🔗 Data surfing

One day I was testing out gganimate for decorating a very simple air quality time series and while discussing options with Christa Hasenkopf and Dirk Schumacher… the data surfer was born! In the meantime I started using magick instead of gganimate, probably because of the elegance of this post. Also, magick is an rOpenSci package and this is the rOpenSci blog!



lima <- aq_measurements(country = "PE", limit = 1000)
lima <- filter(lima, location == "US Diplomatic Post: Lima")
lima <- mutate(lima, label = emoji("surfer"))

figure_onetime <- function(now, lima){

  p <- ggplot(lima)+
  geom_area(aes(x = dateLocal,
                 y = value),
             size = 2, fill = "navyblue")+
  geom_text(aes(x = dateLocal,
                y = value+1,
                label = label),
                col = "goldenrod",
            family="OpenSansEmoji", size=20,
            data = filter_(lima, ~dateLocal == now))+
  ylab(expression(paste("PM2.5 concentration (", mu, "g/",m^3,")")))+
  xlab('Local date and time, Lima, Peru')+
  ylim(0, 50)+
  theme_hc(bgcolor = "darkunica") +
  theme(text = element_text(size=40)) +
  theme(axis.text.x = element_text(angle = 45, hjust = 1))+
  outfil <- gsub("-", "", now)
  outfil <- gsub(" ", "", outfil)
  outfil <- gsub("[:punct:]", "", outfil)
  outfil <- paste0(outfil, ".png")
  ggsave(outfil, p, width=8, height=5)


sort(unique(lima$dateLocal)) %>%
  map(figure_onetime, lima = lima)  %>%
  map(image_read) %>%
  image_join() %>%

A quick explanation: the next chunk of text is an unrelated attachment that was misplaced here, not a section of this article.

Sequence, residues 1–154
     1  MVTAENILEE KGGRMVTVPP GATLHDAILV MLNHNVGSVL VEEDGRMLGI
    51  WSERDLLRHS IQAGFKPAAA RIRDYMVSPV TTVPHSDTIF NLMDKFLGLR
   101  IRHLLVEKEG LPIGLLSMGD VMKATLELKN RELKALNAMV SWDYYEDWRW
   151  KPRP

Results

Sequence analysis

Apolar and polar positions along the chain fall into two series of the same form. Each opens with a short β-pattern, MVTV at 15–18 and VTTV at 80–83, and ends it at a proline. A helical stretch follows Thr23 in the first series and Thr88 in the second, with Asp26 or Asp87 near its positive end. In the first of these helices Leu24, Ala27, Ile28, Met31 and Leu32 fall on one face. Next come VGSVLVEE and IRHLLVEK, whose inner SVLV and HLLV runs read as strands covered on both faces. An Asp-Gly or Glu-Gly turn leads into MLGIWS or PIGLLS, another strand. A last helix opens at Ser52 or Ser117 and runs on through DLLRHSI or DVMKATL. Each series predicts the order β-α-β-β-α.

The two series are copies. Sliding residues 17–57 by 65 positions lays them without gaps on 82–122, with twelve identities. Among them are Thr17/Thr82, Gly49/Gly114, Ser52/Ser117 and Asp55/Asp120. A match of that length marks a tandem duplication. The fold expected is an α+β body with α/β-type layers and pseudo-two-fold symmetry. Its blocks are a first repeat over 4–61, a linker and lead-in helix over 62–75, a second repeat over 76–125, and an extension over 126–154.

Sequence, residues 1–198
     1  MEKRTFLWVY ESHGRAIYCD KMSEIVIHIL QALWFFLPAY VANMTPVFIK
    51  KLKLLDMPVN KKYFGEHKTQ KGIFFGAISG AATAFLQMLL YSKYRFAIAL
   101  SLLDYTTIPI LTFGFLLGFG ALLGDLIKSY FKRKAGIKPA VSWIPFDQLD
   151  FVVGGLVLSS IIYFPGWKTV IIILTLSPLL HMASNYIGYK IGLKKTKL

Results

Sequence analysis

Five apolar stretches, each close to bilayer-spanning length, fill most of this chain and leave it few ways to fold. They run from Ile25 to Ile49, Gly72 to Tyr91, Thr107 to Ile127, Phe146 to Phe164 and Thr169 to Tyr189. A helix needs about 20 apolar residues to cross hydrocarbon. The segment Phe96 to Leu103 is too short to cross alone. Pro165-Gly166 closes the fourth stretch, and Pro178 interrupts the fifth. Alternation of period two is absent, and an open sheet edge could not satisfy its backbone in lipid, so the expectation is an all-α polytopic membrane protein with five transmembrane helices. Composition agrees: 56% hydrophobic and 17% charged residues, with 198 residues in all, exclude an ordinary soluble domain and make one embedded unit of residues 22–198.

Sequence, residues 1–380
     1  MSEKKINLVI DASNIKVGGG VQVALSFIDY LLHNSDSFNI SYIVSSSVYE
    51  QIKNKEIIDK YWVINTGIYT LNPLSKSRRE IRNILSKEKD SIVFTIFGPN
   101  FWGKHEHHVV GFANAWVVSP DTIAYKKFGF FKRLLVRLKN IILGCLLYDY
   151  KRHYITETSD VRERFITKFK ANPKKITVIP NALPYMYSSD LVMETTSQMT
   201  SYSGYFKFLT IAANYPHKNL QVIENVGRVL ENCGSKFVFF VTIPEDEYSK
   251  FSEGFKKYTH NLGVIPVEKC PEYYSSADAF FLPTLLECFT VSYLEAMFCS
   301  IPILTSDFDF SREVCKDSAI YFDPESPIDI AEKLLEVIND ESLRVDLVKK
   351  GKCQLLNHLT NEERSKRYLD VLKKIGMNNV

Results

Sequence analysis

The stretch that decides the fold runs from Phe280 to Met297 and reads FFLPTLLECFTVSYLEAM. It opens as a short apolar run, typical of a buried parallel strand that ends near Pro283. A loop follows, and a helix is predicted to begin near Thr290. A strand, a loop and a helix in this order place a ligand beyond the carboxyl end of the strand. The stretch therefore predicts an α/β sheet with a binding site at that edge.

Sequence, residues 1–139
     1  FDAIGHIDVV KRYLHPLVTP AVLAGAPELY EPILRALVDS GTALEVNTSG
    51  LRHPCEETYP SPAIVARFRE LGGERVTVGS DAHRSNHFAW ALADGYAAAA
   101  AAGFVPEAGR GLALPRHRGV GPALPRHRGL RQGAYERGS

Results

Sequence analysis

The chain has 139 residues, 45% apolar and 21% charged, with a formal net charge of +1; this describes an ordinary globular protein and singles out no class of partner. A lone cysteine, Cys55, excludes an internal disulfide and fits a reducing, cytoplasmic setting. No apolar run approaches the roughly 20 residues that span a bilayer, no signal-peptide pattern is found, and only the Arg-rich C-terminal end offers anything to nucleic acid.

image_animate(fps=2) %>%

The use of such a plot might be to illustrate a very serious talk about the need for open air quality data. I promise you’ll get attention from the audience.

🔗 Fireworks across the US on the 4th of July

When looking at the time series of PM2.5 over years in say Delhi, one can see peaks corresponding to fireworks for celebrating Diwali. Last summer I decided to explore PM2.5 values on the 4th of July in the US.

First I got the necessary data.

# find how many measurements there are
first_test <- aq_measurements(country = "US",
                              has_geo = TRUE,
                              parameter = "pm25",
                              limit = 10000,
                              date_from = "2016-07-04",
                              date_to = "2016-07-06",
                              value_from = 0)
count <- attr(first_test, "meta")$found
## [1] 25446

# map queries over all pages
usdata <- (1:ceiling(count/10000)) %>%
    aq_measurements(country = "US",
                    has_geo = TRUE,
                    parameter = "pm25",
                    limit = 10000,
                    date_from = "2016-07-04",
                    date_to = "2016-07-06",
                    value_from = 0,
                    page = page)
    }) %>%